So right after we got to Dublin, a comics convention started up. Even the first year, which was held in a small cramped location, had a strangely good lineup of guests for a tiny con, and the 2nd or 3rd year they even had Jim Lee. This is because EVERYONE wants to come to Ireland. :) But things happened and the con disappeared for a while, and now it has returned with gusto. We had a great time, and I’m really looking forard to next year.
It being Ireland, and perhaps it being a convention, things got started late. An hour late, which made my complicated day considerably more complicated, but I had so much fun that nevermind that. :)
First panel was “Meet the Editors”, where Marvel editors Lauren Sankovitch and Jeanine Schaefer teamed up with Vertigo editor Mark Doyle to talk about What It Is Editors Do. They were funny and informative, although most of it wasn’t new information to me. Mark Doyle repeated the oft-heard truth that you need publication credits to get publication credits, but the difference in the comics industry is that making your own comics and self or web or whatever publishing them is fine, which is not so much true in book publications.
I then didn’t go to any more panels on Saturday, I think, because I was too busy fangirling at Kelly Sue Deconnick, who is writing the wonderful new Captain Marvel comic for Marvel, and meeting the creators of Roller Grrls, an upcoming comic I’m pretty excited about, and hanging with friends who were there, talking with artist PJ Holden, and standing in line to formally introduce myself as somebody who wanted to work for the Big Two to the editors.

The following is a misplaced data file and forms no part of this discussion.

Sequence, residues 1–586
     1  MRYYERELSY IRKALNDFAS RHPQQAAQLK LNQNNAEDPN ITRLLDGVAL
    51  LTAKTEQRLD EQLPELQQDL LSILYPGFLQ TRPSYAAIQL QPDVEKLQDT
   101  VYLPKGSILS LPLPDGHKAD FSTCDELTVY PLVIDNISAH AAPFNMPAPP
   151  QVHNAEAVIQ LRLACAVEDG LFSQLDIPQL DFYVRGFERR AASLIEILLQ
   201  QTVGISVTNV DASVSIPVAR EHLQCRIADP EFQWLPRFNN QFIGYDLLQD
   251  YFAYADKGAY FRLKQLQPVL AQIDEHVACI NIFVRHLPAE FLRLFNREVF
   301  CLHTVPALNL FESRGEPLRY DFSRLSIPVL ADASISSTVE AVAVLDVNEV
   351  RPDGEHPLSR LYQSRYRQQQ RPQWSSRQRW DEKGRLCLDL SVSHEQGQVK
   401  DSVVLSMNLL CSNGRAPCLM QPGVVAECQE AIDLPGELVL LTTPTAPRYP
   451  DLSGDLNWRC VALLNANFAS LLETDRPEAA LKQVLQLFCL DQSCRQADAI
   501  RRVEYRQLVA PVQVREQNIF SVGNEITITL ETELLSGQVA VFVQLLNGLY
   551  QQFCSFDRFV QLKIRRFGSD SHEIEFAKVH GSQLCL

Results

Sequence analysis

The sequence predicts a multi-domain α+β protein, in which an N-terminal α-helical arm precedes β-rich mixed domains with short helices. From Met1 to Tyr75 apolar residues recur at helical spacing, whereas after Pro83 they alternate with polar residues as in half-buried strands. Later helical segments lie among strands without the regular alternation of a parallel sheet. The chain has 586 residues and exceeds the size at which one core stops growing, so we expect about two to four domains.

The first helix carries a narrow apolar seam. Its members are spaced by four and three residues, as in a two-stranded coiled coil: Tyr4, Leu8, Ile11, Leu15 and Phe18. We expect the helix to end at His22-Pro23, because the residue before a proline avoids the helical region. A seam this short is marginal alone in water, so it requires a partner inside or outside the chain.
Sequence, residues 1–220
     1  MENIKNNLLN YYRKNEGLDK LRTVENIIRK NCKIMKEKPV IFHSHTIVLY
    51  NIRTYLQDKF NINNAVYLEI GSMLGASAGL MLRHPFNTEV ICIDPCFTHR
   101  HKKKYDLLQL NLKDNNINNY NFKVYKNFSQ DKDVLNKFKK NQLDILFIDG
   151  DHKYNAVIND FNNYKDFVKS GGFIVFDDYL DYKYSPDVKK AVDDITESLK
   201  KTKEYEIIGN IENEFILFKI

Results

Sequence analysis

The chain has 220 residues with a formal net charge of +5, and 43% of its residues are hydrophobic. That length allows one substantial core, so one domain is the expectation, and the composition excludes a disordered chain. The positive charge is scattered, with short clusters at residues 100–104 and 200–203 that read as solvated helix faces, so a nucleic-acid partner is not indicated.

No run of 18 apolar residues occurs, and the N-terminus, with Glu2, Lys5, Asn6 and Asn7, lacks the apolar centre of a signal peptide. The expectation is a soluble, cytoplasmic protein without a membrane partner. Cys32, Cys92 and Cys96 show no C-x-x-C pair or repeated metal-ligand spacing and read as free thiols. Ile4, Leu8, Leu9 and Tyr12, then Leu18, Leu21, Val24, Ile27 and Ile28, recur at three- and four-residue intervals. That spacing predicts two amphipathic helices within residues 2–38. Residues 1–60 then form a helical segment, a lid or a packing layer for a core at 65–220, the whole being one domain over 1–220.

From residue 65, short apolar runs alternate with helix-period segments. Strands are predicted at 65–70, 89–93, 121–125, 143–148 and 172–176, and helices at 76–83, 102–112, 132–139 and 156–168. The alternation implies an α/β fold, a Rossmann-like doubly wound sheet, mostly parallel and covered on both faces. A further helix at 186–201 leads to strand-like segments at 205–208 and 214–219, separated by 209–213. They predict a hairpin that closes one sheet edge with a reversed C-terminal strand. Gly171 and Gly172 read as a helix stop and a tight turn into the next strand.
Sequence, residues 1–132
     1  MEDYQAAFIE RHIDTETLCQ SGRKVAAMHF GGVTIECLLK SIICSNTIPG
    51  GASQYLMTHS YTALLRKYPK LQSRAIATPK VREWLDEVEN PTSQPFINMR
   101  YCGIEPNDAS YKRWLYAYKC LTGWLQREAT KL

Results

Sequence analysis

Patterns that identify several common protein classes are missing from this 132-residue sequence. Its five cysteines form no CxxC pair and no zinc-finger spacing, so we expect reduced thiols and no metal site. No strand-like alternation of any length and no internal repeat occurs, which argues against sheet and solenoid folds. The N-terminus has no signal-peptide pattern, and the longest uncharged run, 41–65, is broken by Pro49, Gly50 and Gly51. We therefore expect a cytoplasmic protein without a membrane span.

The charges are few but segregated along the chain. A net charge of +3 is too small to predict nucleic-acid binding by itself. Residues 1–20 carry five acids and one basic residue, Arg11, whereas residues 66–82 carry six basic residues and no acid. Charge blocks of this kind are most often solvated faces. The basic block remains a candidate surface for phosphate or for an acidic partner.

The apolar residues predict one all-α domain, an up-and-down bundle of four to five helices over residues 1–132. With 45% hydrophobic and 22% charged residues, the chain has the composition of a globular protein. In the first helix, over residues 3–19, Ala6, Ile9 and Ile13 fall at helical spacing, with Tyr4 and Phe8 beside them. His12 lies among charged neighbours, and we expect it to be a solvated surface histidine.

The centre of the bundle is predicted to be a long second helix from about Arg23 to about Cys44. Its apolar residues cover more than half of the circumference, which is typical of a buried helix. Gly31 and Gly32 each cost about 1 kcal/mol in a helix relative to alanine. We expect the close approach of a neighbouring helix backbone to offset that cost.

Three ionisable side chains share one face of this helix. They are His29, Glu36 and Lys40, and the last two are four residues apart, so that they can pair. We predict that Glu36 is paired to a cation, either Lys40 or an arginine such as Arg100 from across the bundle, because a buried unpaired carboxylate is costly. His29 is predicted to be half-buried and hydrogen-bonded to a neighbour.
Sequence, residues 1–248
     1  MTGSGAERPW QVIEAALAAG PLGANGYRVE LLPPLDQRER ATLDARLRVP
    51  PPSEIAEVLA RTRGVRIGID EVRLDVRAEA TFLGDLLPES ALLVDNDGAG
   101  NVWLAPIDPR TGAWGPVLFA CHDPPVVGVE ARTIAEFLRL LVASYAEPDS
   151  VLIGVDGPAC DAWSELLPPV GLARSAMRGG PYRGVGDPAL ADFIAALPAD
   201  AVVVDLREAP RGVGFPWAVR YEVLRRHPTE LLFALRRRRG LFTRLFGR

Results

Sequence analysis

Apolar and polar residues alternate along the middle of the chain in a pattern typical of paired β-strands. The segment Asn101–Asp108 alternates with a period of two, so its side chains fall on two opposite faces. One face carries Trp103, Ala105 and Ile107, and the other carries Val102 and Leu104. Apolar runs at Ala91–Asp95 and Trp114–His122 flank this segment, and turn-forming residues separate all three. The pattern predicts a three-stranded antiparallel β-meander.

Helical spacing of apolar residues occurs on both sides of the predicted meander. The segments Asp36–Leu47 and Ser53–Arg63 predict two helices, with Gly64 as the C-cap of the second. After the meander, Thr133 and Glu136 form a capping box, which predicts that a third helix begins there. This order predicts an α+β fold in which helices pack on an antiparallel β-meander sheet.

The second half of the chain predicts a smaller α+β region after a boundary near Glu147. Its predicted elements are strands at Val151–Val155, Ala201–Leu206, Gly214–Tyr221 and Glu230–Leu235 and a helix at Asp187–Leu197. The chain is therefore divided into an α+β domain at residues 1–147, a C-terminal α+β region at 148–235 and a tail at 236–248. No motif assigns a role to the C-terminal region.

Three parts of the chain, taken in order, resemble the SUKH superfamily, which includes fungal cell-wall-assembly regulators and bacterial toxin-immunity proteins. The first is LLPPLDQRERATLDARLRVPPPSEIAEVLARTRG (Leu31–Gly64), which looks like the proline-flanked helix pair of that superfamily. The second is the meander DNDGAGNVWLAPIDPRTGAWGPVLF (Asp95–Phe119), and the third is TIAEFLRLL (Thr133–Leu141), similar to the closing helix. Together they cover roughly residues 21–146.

(And also running in and out of Dublin, because this weekend had All The Things scheduled even before DICE…)
Honestly, probably my favorite moment of the convention was standing in line for Mark Doyle, while a young man with an artist’s portfolio got his review. I couldn’t quite see the guy’s work, but Doyle was very enthusiastic about it, and at one point said, “I mean, you know this is good–” and then with the realization of one who has been in this situation before, said, “You know this is good, right?” much more seriously.
The guy seemed–I mean, I think he did know he was good, but being told repeatedly by editors seemed to overwhelm him a bit. And at one point Doyle asked if the artist would be interested in maybe doing some sample work, and the guy gave him such a “No shit” look that even from the back it made me laugh, and Doyle looked sheepish and amused. It was great. :)
Later in the weekend, when I’d sat down to talk with one of the Marvel people, the same artist went to talk to one of Marvel’s writers. The guy I was talking to asked if I’d excuse him for a minute*, and went to laud the artist’s talents. So that was pretty great, and really, I love seeing that kind of thing so much that even if I’d had an otherwise lousy weekend that would have made it. As it was, I’d had a great weekend and that made it all the better!
(x-posted from the essential kit)